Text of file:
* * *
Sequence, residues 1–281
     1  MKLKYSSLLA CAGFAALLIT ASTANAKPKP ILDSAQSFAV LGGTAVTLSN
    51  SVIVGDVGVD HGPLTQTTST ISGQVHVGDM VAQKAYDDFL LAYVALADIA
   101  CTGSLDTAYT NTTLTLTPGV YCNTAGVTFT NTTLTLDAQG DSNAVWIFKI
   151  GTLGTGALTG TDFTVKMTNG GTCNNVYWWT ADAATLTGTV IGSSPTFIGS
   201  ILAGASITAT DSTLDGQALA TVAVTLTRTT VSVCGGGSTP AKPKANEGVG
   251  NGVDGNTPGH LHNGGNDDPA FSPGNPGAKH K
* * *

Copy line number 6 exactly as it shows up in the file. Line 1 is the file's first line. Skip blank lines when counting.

   201  ILAGASITAT DSTLDGQALA TVAVTLTRTT VSVCGGGSTP AKPKANEGVG